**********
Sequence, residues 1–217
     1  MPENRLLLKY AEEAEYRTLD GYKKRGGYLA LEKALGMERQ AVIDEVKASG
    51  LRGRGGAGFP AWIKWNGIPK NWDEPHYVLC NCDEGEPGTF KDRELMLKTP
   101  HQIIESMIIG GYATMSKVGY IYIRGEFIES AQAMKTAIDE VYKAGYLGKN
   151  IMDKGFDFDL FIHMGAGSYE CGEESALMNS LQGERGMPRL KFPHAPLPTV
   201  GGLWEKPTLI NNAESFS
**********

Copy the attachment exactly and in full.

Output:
Sequence, residues 1–217
     1  MPENRLLLKY AEEAEYRTLD GYKKRGGYLA LEKALGMERQ AVIDEVKASG
    51  LRGRGGAGFP AWIKWNGIPK NWDEPHYVLC NCDEGEPGTF KDRELMLKTP
   101  HQIIESMIIG GYATMSKVGY IYIRGEFIES AQAMKTAIDE VYKAGYLGKN
   151  IMDKGFDFDL FIHMGAGSYE CGEESALMNS LQGERGMPRL KFPHAPLPTV
   201  GGLWEKPTLI NNAESFS